Ming the Mechanic
The NewsLog of Flemming Funch

Friday, June 6, 2003day link 

Britt Blaser describes DIY Digital ID. Essentially he describes what we've already done a simple demo of. Despite that I'm the programmer on it I guess I'm still not certain it will be sufficiently useful. Maybe it will. The point is that it is a hard problem to solve to create centralized IDs for everybody, to make sure we know who we're dealing with when we're doing transactions with each other. Particularly financial transactions. There's an issue of who we would trust to issue such IDs, and whether they will really prove anything, and how we all can agree on how they are used. No common standard for such IDs has emerged. Britt's Do-it-Yourself idea is essentially that we reduce the problem to two people with websites going through certain simple steps to ensure they really are talking with each other. I express an interest in some service on your site, indicating an ID file on my site to explain who I am. Your software sends me back to my own site, asking me to demonstrate my control of the site that goes with the ID file by logging into the private area and finishing a log entry. Your entry then verifies that this log entry was made in the same location as my ID file, and that the time and IP numbers match what was observed. With this handshake being done we can then continue exploring the possibility of doing business. There'd be other factors involved, and other components needed, but that simple action could very well be a foundation for something useful. This kind of sequence of actions, your site to my site to your site, is fundamental to Xpertweb. Peer to peer. Standardized protocol for how we negotiate each step. Everything stored in simple XML files that are public and that can be discovered by any other party. And that allows me to research further who you are by spidering around and checking with other people who seem to know you, other people you've had business interactions with in the past. All without consulting any central authority.
[ | 2003-06-06 20:28 | 6 comments | PermaLink ]  More >

In the community area of the New Civilization Network there's an occasional heated discussion about blocking. There are various ways for members of communicating and interacting. They can post to their weblogs, they can send messages to each other, hang out in chat rooms, and form virtual workgroups that other people can be invited to. But everybody do not get along with each other all the time, and the question is how to deal with conflicts, and with various people's wishes to not have to deal with certain other people. And again other people's desire to have all conflicts be settled.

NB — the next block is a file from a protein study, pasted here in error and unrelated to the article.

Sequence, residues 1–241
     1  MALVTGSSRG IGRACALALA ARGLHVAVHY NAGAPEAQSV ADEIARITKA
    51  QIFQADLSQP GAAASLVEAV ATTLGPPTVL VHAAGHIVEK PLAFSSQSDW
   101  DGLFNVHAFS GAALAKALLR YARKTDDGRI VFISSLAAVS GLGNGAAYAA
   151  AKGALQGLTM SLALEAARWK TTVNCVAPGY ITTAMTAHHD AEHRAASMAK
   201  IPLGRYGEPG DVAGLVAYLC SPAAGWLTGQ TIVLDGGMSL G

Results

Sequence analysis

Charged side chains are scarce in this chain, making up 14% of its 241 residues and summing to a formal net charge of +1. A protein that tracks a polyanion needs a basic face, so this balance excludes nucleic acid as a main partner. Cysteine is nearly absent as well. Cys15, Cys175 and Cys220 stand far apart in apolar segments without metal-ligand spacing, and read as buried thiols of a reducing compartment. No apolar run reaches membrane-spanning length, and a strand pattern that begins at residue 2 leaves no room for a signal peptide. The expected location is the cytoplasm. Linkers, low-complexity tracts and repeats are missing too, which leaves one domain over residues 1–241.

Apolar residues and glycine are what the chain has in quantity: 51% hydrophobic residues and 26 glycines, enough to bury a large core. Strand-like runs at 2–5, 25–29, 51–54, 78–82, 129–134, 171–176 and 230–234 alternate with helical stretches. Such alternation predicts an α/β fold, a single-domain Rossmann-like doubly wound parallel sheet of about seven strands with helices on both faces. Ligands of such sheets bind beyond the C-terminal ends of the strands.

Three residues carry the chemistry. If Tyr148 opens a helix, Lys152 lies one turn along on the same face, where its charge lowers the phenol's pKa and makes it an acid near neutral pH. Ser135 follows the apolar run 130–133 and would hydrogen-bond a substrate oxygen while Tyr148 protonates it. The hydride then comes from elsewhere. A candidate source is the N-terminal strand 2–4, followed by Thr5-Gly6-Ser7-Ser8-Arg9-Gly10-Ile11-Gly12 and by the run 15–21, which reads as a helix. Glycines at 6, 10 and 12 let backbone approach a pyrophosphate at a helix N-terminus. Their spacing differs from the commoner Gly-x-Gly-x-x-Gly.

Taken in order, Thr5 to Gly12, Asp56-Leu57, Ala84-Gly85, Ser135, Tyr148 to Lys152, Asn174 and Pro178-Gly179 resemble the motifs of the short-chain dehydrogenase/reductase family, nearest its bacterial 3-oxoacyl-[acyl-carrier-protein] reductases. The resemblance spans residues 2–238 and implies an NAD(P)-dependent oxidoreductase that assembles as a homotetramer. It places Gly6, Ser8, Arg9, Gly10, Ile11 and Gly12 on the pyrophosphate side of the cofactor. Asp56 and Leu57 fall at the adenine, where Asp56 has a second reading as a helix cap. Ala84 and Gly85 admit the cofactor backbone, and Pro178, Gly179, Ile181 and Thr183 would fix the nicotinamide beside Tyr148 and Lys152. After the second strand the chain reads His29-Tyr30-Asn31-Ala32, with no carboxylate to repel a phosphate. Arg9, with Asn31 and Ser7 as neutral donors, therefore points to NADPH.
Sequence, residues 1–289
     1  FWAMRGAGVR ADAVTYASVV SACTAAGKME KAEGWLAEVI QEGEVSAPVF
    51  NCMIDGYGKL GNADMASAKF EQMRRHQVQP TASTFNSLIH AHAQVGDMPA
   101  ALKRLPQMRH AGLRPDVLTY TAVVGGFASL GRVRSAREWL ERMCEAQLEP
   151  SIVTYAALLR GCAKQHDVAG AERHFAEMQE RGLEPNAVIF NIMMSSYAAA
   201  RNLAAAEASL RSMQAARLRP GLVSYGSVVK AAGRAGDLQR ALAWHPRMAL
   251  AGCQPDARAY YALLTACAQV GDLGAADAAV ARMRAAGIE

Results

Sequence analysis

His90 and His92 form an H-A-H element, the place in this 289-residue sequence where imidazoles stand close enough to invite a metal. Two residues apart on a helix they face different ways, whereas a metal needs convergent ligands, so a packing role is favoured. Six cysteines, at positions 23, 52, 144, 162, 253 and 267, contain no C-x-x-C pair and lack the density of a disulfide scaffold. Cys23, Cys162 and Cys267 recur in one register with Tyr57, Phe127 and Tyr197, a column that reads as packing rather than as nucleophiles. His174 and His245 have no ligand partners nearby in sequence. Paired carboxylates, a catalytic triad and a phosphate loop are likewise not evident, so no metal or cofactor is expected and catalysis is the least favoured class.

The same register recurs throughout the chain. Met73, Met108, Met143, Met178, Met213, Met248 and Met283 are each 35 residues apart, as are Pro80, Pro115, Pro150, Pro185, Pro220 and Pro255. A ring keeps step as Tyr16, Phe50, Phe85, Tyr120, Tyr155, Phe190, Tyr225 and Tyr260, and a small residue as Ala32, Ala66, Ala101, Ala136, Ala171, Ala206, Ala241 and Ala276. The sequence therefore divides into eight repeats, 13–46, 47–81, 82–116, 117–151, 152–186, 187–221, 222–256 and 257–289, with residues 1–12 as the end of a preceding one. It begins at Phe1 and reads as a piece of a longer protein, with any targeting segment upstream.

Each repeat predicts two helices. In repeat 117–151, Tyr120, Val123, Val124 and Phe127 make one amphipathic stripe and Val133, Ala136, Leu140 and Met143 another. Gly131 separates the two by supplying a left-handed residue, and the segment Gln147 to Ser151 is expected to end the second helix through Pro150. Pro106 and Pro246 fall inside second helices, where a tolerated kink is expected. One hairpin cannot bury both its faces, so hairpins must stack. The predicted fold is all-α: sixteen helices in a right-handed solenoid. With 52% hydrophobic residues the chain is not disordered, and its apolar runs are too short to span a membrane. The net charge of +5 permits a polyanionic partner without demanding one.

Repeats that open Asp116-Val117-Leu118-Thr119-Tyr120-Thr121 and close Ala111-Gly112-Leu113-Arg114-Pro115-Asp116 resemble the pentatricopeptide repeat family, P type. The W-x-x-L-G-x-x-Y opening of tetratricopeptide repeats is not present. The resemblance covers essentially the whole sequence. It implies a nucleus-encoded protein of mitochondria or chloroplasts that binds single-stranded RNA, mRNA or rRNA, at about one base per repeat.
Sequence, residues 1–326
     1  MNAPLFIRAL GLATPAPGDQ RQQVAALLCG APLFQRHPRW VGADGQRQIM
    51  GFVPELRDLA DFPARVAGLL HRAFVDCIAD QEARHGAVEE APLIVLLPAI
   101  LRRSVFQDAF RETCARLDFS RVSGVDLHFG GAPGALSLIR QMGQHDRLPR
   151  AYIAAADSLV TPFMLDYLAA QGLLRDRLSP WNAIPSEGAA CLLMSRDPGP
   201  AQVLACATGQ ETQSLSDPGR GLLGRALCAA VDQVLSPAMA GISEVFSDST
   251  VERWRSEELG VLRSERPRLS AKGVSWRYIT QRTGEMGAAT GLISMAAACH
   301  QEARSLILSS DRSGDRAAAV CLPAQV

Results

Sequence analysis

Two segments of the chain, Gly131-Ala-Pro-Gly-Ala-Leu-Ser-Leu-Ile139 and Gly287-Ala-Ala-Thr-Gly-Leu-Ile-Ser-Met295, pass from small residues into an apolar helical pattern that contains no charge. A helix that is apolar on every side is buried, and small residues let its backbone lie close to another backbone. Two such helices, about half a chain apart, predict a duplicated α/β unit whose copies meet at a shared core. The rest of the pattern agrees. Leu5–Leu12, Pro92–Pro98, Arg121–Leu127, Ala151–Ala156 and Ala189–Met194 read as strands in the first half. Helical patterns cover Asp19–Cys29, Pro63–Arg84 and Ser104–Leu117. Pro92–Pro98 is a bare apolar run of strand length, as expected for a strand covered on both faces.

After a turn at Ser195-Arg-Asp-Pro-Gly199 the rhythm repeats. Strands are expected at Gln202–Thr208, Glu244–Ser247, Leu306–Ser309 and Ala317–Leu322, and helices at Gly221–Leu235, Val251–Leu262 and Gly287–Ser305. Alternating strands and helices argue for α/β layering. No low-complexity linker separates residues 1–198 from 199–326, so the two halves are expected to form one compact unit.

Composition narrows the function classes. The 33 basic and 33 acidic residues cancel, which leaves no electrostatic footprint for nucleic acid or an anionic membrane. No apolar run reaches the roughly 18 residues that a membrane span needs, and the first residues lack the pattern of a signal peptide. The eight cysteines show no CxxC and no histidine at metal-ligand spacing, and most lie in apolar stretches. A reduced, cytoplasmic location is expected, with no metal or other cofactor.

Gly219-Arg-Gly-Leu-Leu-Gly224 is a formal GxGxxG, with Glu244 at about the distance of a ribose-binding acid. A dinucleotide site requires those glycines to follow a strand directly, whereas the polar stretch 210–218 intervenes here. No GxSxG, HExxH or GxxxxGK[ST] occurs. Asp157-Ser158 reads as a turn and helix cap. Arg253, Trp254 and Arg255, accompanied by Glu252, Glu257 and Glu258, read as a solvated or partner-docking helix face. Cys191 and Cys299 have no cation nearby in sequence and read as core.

In many ways it is like the Internet at large where pretty much anything goes, and you just route around the stuff you don't like. I mean, if you don't like a website, just don't go there. If you don't like e-mail from a certain source, set up a filter and send it directly to the trash. But in another sense it is like a closed community. If we were all living in the same house, as a family or as an intentional community, would it then be acceptable if two people refused to talk with each other, or, worse, if they accused each other of sinister deeds and motives, and they actively campaigned against each other? Maybe that wouldn't work, and maybe, for the sake of the community or the family, we'd have to force them to sit down and work out their differences. Or we'd have some mechanism for settling disputes. A court case or mediation of sorts. Finding out who's right or wrong, or getting them to kiss and make up.

On the Internet it easily gets fuzzy what rules we're playing by. If you and I have separate websites, it is not much of a problem if we don't get along. But what if we signed up for the same discussion group mailing list? What if we have weblogs and we write things about each other? What if our weblogs are aggregated in some of the same places, and read by many of the same people. What if there's a feature for leaving comments in our weblogs, but we deliberately block a few people we don't like from leaving comments there. But we might still write things about them, and they might appear to be bereaft of the right to defend themselves.

Well, that's the problem and the occasional disagreement. My answer is generally speaking to try to arrange things so that there's space enough for everybody, and nobody's forced to be in the same place if they don't want to, and that there are features for blocking specific other people from invading your space when you don't want them to be there.

In NCN a member can block another member from sending them messages, from leaving comments in their weblog, and even from seeing their profile. I don't see any reason for changing that. If somebody has something to say, there are plenty of places they can say it. There doesn't have to be any inherent right to force a particular other person to listen to you. But one issue at hand is: should the fact that one person blocks somebody else be public information? I'm talking about in the online community situation. The argument for it could be that it makes it clear why the object of possibly slanderous postings do not show up to defend themselves. They can't, because they're blocked by the author. The argument against it is for one thing that nothing stops the second person from stating their side elsewhere. And, secondly, making it public might make the blocker a target of further harrassment from the person being blocked. The blockee might consider it public defamation that he's being blocked, or as a personal insult, and might start a more vigorous campaign for having the block removed.

Despite that I in principle want most information to be as public as possible, I don't think an individual's preferences have to be.
[ | 2003-06-06 21:05 | 19 comments | PermaLink ]  More >

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